A new species of pygmygoby has been described from deep reefs in the Western Pacific. Named Trimma citrum, it’s been described from a single male specimen collected 380 feet (116m) down on the west coast of Tutuba Island, on the South East tip of Espiritu Santo Island, Vanuatu. Like other pygmygobies it’s tiny at just 1.15″ (29.3mm,) long, and its common name, Lemon pygmygoby, and its scientific name “citrum,” both reference its lemon body coloration in life.
Members of the Trimma genus are small, usually colorful gobies coming primarily from reefs in the Indo-Pacific. The genus currently contains 108 valid species, but the continued exploration of deep coral reefs, known as mesophotic reefs, has revealed many fish species previously unknown to science.
Trimma citrum is described by Richard Winterbottom and Richard Pyle in the Journal of the Ocean Science Foundation. The most recently described Trimma species before this was also collected from mesophotic reefs, more than 295 feet (90m,) deep, at Palau. This singular Trimma citrum’s habitat was a limestone rock and rubble slope with scattered patches of sand and small holes, crevices, and caves, with some scattered scleractinian, gorgonian and soft corals, according to its authors. The water was clear, with low to moderate currents and no other individuals were seen alive prior to capture.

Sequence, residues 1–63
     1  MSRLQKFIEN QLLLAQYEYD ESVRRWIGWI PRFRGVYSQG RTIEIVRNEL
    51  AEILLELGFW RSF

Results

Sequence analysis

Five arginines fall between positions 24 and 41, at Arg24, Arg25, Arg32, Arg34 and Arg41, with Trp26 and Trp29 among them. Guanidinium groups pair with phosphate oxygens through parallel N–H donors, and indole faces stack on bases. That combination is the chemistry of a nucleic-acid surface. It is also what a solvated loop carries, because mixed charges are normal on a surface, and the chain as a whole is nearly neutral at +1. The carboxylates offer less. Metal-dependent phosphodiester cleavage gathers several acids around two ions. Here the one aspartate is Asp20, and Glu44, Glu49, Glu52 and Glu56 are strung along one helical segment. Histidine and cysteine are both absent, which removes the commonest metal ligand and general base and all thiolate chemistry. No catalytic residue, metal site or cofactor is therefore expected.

Although a predominantly yellow coloration of the body is present in several species of Trimma, only two other species are lemon yellow on both the head and the body. The new species differs from Trimma taylori and T.winchi by the half-pupil diameter and white saddle across the dorsal caudal peduncle. It further differs from T. taylori in having fewer dorsal and anal-fin rays, no branched pectoral-fin rays more scales in the predorsal midline, and more gill rakers.